Thursday, September 18, 2014

Elders in Jerusalem

27 Now in these days prophets came down from Jerusalem to Antioch. 28 And one of them named Agabus stood up and foretold by the Spirit that there would be a great famine over all the world (this took place in the days of Claudius). 29 So the disciples determined, everyone according to his ability, to send relief to the brothers [3] living in Judea. 30 And they did so, sending it to the elders by the hand of Barnabas and Saul. (Acts 11:27-30 (ESV)
Already in the first decades of the church, you see the concern Christians have for one another. And here it seems the gentiles are sending money to the Jewish believers in Jerusalem. “See how they love one another.” Already tensions are brewing. Already there is a vocal circumcision party, suspicious of the gentile converts. The gentile converts put their best foot forward. They send money in anticipation of a famine that is prophesied to cover the world. Most people would stockpile their own resources at his time to prepare for this famine. But already due to the persecutions, the poor in Jerusalem were feeling the pinch.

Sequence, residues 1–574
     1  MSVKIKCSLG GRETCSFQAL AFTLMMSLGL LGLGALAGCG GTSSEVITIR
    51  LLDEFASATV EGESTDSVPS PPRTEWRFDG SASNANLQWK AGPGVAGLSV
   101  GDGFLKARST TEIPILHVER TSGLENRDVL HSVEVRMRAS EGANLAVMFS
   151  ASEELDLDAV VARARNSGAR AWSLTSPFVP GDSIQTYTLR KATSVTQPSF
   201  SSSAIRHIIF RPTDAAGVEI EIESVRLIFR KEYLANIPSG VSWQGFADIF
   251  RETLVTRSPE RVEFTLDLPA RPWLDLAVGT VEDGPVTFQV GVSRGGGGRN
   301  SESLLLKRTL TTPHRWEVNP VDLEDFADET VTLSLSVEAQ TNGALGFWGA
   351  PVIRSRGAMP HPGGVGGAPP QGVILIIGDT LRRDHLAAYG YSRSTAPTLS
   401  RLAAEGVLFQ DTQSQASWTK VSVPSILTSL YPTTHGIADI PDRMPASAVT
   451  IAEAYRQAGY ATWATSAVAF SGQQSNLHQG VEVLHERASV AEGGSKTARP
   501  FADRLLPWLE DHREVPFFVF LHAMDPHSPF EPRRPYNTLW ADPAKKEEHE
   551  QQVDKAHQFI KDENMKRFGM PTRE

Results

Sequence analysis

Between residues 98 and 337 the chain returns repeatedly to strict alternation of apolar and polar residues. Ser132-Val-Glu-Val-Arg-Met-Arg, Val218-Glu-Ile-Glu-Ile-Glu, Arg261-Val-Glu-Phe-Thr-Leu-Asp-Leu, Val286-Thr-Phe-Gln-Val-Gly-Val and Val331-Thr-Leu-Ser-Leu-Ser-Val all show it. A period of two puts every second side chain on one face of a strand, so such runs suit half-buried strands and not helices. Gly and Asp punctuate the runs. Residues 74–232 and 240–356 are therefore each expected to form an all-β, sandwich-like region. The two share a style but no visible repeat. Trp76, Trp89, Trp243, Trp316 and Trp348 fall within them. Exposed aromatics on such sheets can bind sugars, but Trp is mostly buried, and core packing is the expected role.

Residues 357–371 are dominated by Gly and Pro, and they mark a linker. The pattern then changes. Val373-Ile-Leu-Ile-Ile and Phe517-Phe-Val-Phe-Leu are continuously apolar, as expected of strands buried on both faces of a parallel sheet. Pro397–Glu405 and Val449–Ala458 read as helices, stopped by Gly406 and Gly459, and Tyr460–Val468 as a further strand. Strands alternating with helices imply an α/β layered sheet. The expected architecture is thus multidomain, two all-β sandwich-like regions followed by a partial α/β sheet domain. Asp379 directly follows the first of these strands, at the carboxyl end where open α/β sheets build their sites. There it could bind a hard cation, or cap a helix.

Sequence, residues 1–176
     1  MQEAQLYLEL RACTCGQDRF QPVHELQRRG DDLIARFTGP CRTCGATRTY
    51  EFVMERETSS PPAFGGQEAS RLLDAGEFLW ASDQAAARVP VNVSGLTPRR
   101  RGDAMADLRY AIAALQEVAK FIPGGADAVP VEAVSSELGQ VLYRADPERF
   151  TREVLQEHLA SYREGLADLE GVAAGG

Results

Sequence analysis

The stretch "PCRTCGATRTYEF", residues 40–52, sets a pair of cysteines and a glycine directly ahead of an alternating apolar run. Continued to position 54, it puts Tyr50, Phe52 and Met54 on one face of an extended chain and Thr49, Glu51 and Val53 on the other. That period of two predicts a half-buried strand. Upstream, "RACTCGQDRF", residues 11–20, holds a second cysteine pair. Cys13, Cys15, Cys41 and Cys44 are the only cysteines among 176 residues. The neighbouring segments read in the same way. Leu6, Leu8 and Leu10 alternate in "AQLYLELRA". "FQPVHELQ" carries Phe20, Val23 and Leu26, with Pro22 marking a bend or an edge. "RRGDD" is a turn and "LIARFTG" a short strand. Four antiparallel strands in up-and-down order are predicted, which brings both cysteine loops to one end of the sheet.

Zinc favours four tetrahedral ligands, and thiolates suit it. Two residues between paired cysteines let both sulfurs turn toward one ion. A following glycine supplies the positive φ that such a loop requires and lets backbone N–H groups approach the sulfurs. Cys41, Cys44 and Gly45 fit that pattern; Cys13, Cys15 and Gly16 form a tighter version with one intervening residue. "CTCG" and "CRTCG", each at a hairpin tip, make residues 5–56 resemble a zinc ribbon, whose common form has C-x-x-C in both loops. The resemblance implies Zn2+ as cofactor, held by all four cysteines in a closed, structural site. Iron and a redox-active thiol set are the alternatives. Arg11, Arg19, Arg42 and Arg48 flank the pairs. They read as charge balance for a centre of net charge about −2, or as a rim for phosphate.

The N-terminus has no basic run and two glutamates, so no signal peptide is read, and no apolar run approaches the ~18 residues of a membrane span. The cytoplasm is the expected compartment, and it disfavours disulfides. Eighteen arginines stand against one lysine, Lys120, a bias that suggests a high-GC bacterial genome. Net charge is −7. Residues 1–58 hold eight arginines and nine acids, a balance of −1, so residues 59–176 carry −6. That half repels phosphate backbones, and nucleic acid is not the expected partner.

They decide to send the money with Barnabus and Saul. It’s funny how one moment he is Paul, and the next Saul even after conversion. The likelihood is that he actually grew up with both of these names. It was common for Jews of the diaspora to have two names that sounded somewhat alike, one for use at home and among Jews, and the other to be used among gentiles. Since Paul is heading to Jerusalem he will be better known as Saul.

The other interesting thing is the use of the word elder here. In scripture this word is that which is used for what we know as the pastoral office. No mention is made of either the deacons (our elders) or the Apostles. The pastoral office it seems has already begun to take root in Jerusalem, and responsibilities are being given to these young pastors that just a couple years before would probably have been given to the apostles. The transition has to happen because the apostles will not always be with the people. The apostles are also called away from time to time to check on things elsewhere, and go to other lands. A person can learn of some of the travels of different apostles from Eusebius. If the church in Jerusalem is going to be stable it needs leadership of its own that doesn’t need to be shared with the rest of the church. 

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